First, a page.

I had been looking forward to 'Greater than the Sum' ever since I learned Bennett would be writing a book with the Borg, because I thought that would be how Christopher would tackle the Borg. That he'd find the creative peacemakers solution. When the ending to that was essentially destroying the Borg threat, I thought "Man, if Chris can't find a non-violent way of handling the Borg, no one can." Never in a million years did I think that Destiny would end with such a hopeful message for non-violent solutions.

"To find and protect cultures of peace and nonviolence." Wow. Wow.
When I was developing the trilogy outline with my editors, one of my key points for the ending was that "destroying the Borg" was not a true reflection of the Starfleet ethos or the Star Trek mythology. If this was to represent a step forward for the TrekLit continuity, I wanted to respect the Star Trek philosophy that it is better to create than to destroy, better to heal than to kill, better to make peace than to wage war.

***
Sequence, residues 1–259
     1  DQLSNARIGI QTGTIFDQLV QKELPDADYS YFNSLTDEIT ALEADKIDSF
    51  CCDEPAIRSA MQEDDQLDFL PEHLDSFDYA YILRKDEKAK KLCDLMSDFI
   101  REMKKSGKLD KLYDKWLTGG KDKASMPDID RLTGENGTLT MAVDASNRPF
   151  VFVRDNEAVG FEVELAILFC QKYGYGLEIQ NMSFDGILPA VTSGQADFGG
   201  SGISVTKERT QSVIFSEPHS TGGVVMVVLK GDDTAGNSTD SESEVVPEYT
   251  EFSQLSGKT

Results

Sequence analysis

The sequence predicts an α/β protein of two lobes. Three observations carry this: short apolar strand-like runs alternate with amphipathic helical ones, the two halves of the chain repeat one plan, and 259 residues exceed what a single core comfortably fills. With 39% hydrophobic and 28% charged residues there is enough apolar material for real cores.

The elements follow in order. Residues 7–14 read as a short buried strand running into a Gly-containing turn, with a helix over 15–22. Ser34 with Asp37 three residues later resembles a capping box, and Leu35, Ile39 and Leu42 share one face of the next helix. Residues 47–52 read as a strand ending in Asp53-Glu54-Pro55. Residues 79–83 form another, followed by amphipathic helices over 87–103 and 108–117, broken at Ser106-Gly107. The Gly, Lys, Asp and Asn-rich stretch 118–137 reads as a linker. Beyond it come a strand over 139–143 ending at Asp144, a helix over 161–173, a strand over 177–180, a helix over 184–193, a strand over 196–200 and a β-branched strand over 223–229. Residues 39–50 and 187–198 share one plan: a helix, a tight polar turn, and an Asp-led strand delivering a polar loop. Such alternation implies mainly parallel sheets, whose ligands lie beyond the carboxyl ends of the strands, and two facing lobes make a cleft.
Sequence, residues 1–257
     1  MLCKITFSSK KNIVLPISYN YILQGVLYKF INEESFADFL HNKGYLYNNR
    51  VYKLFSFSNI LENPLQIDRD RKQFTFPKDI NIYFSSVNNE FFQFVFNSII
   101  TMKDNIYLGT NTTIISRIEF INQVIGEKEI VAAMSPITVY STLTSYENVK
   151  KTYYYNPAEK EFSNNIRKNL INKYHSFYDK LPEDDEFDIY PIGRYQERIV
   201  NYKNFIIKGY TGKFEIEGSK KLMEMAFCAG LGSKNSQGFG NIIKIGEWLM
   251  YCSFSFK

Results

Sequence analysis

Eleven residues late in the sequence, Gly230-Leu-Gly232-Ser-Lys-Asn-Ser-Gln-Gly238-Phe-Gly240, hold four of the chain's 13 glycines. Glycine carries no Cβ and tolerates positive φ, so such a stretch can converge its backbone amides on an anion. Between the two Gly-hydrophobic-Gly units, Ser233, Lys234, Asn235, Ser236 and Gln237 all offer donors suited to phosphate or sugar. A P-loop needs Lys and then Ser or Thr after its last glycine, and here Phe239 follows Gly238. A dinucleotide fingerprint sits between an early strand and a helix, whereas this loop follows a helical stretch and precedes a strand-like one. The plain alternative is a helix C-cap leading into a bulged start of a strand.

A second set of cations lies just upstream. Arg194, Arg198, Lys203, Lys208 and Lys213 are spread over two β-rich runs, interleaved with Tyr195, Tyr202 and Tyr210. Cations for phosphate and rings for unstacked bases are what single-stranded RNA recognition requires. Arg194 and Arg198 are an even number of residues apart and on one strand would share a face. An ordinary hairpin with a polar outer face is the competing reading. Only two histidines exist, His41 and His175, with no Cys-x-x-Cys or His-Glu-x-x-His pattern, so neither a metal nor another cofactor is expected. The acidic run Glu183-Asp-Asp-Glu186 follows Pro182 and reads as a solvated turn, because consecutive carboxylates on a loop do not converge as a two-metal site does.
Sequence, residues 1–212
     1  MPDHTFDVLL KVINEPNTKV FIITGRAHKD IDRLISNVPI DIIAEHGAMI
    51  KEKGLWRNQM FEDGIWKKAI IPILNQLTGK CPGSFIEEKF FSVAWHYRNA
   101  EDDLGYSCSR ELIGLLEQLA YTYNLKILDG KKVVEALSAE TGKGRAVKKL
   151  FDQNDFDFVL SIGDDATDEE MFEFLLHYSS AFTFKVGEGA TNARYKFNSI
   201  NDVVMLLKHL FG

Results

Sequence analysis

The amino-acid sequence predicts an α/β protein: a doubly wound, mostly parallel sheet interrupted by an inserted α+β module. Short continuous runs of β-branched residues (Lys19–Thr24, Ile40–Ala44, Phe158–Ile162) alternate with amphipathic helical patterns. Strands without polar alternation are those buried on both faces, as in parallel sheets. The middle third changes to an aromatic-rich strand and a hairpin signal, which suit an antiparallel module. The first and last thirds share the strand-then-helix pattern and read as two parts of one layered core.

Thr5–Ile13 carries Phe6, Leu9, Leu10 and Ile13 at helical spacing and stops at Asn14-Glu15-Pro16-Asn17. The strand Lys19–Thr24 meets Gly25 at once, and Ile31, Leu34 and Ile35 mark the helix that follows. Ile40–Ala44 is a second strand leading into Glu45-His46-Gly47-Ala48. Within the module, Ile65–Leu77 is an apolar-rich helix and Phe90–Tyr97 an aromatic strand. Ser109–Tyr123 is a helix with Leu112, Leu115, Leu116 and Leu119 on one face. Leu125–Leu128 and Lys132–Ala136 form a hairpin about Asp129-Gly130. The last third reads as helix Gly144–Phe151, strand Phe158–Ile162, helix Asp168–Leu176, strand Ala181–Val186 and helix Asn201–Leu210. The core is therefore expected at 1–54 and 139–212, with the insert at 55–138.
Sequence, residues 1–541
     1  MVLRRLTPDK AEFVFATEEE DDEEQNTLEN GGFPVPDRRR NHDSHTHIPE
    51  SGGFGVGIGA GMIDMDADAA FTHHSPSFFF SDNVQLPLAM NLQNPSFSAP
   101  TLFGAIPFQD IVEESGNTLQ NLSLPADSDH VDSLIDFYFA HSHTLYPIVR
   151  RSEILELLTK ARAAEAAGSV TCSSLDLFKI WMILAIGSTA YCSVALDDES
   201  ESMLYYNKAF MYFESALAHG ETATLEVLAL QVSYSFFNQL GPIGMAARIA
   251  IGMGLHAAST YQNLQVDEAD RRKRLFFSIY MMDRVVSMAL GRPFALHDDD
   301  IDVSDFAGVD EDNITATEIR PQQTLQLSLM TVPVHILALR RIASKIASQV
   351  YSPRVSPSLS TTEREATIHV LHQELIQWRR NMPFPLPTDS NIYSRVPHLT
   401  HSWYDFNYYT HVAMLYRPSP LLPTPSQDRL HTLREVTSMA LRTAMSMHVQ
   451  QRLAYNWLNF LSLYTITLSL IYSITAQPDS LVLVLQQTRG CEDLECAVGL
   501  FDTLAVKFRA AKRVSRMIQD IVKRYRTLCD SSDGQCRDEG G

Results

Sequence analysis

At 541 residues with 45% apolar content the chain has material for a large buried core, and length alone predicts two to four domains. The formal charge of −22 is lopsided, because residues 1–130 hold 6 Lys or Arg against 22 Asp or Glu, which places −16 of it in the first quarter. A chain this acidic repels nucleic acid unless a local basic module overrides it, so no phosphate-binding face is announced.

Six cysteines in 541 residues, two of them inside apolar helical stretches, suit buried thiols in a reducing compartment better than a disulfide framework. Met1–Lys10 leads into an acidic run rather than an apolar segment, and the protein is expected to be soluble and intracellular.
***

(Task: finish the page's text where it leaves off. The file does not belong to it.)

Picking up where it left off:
And to go from that experience to a resolution that affirmed everything that I believe is important about the world. A resolution that could face the Borg... the unstoppable force, the closest thing to a biblical Satan of the Star Trek world, and face it through redemption...
Interesting choice of words, considering my deliberate invocation of language from the New Testament in the final chapters of Lost Souls.

I know this is fiction... but fiction can be very powerful. Fiction can change the world.
Perhaps not by itself, but I like to think it can help like-minded individuals share good ideas. And that's where change begins.